The passing of the Termination of Pregnancy Bill means abortion will be moved out of the state’s criminal code and regulated under health law.
It also means a pregnancy can be terminated after 22 weeks and six days gestation if two doctors deem the late-term abortion to be “medically appropriate”.
The bill was sent back to the upper house after a series of amendments were added to the proposal after a mammoth 22-hour debate in the House of Assembly two weeks ago.
The amendments tightened the provisions around when a late-term termination can occur and outlawed abortion on the basis of gender selection.
Late-term abortions can only be approved if there is a threat to the life of the mother or another foetus, a chance of severe foetal anomalies, or “significant risk of injury to physical or mental health” of the mother if the pregnancy were to continue.
The Legislative Council made no further amendments to the bill and passed the legislation on a voice vote.
The short debate in the upper house marked the conclusion of more than five years of lobbying from advocacy groups on the matter, and closes a contentious debate that saw thousands of people with opposite views on abortion marching on North Terrace this year.
Human Rights Law Centre Associate Legal Director Monique Hurley said the parliament’s decision was a “massive win” for reproductive rights.
“We are grateful to the countless people who have been fighting for this long overdue reform, which will see abortion finally treated as the healthcare matter it is,” Hurley said.
“While it is disappointing that a handful of politicians held people’s health to ransom by forcing through some harmful and unnecessary amendments in the lower house, the decriminalisation of abortion in South Australia is a historic moment that we should all be proud of.”
AstraZeneca shipment to bolster SA vaccine rollout
A shipment of 20,000 doses of the AstraZeneca COVID vaccine is set to arrive in Adelaide today as SA Health looks to accelerate phase 1A of the state’s vaccination rollout.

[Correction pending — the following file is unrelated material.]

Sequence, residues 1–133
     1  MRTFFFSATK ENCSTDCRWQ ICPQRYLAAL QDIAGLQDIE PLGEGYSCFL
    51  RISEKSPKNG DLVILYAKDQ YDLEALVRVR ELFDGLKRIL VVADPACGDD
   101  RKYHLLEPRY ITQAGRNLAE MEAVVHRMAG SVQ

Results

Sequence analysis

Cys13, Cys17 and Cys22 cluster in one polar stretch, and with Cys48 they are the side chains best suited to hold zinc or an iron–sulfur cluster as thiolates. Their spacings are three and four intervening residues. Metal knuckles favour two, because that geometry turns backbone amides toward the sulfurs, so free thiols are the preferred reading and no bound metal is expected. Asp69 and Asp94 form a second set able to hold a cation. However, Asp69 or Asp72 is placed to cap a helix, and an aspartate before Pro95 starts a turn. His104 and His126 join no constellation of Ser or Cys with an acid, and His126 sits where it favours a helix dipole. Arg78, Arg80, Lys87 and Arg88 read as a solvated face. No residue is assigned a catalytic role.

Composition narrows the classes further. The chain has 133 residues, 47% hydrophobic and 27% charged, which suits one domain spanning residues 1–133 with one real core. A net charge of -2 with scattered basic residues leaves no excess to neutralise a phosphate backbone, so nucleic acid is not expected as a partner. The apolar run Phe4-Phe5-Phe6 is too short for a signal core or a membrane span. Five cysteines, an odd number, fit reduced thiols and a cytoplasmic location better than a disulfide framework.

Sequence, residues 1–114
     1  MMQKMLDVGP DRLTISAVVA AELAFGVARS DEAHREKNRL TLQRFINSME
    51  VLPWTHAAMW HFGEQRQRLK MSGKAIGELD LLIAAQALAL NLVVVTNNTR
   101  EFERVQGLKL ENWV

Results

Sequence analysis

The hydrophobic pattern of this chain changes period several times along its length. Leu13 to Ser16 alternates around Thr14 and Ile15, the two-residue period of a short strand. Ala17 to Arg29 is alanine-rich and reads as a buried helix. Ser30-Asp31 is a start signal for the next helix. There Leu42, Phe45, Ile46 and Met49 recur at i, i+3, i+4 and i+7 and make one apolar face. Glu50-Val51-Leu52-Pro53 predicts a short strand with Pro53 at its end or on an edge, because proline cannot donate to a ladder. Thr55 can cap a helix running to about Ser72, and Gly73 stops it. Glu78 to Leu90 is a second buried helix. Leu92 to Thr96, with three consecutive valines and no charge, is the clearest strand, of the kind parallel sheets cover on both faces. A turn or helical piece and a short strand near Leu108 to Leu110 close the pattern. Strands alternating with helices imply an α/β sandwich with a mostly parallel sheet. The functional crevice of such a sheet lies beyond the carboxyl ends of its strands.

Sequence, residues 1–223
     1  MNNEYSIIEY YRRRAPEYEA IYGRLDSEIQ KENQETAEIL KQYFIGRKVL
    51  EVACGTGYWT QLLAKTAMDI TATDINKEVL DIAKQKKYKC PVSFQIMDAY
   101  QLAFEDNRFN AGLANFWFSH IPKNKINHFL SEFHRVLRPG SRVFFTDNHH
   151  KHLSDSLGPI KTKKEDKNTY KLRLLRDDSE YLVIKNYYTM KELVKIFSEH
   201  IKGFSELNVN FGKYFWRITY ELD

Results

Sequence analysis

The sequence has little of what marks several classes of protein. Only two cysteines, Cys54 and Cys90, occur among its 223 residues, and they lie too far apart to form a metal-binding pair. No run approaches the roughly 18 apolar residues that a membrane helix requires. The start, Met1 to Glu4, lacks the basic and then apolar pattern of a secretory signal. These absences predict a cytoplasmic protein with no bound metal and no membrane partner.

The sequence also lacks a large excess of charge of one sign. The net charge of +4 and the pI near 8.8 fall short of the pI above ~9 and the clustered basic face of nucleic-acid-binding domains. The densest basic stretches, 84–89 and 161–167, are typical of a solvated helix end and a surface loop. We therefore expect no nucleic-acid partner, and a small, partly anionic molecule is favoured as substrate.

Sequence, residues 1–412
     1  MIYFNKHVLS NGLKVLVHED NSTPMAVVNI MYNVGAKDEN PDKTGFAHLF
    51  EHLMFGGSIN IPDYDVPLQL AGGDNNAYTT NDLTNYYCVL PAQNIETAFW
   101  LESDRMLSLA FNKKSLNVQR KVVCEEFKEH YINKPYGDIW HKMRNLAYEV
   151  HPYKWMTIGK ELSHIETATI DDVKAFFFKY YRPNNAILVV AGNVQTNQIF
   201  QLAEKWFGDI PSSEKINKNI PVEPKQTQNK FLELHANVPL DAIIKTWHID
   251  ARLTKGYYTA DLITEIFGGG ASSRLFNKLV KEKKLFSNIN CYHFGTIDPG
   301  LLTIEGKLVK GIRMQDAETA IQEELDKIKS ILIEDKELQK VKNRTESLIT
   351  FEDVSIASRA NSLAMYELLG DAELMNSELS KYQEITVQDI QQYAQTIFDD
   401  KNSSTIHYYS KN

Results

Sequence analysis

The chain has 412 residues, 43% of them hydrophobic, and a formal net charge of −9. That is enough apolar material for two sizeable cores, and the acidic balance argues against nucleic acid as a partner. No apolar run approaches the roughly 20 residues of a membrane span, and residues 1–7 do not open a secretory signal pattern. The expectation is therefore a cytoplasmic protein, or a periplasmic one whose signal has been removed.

The federal government allocated the doses from a shipment of 300,000 AstraZeneca vaccines that arrived in Australia over the weekend.
Health Minister Stephen Wade said the doses would primarily be sent to regional SA.
“We’re likely to be deploying them particularly in the country, and particularly amongst our ambulance service” Wade told reporters yesterday.
Wade also said the arrival has been given SA Health a “short timeframe” to activate vaccination clinics across the state, with the Women’s and Children’s Hospital vaccination hub in North Adelaide hub set to come online later this week.
“We will certainly continue to take a steady approach,” he said.
“We’re not going to establish clinics until we’re confident that we’ve got the team to deliver them safely.”
So far, SA Health has administered around 2000 vaccines to frontline health and quarantine workers – about half of the state’s initial allocation of 4000 Pfizer vaccines.
The state’s second batch of Pfizer doses arrived on Tuesday, with one more allocation of 4000 to be delivered next week.
The government aims to vaccinate 12,000 people by the end of next week.
Wade said it was “expected” that vaccination clinics would start off slow and ramp up gradually.
“The intention of the clinics was always to increase over time,” he said.
“They plan to make sure that they can test their systems as they establish them and ramp up in a steady way.”
South Australia recorded two new COVID-19 cases yesterday, two women in their 60s who are quarantining in a medi-hotel, although one is considered an old-infection.
It comes as defence personnel prepare to step in and add some firepower to the rollout of coronavirus vaccines across Australia.
The Australian Defence Force will from next week help administer the COVID-19 vaccine in aged care homes, with an emphasis placed on facilities in regional areas.
“They are very organised – we set our best expectations and they continue to beat them,” Health Minister Greg Hunt told the Nine Network on Tuesday.
Hunt remains confident all Australians can get at least a first dose of the vaccine by October, despite a slow start to the program.
Administered doses have fallen well short of the 60,000 target in the first week, but the government believes ground can be made up.
As of last night, nearly 42,000 Australians have had their first dose, including more than 13,000 aged care residents at 158 facilities.
Vic govt emergency powers extended nine months
A nine-month extension to the Victorian government’s contentious state of emergency powers has passed state parliament with the support of three crossbench MPs.
Greens leader Samantha Ratnam, Reason Party MP Fiona Patten and Andy Meddick from the Animal Justice Party voted in favour of the extension late on Tuesday, giving the Andrews government 19 votes to 18 in the Legislative Council.
The trio, who also backed a six-month extension in September, had been negotiating with Health Minister Martin Foley until late on Monday night.
Ratnam said the Greens had secured a reduction in COVID-19 fines for young people, a commitment to review fines in disadvantaged communities and a confirmation of the right to protest.
The government has also agreed to give people the right to appeal detention orders, as recommended by Victorian Ombudsman Deborah Glass in her review of the public housing tower lockdown.
“We haven’t taken this decision lightly, which is why we put the interests of all Victorians on the table in these negotiations and agreed to support these legislations on the proviso that these reforms that will impact and hopefully support disadvantaged communities,” Ratnam told reporters.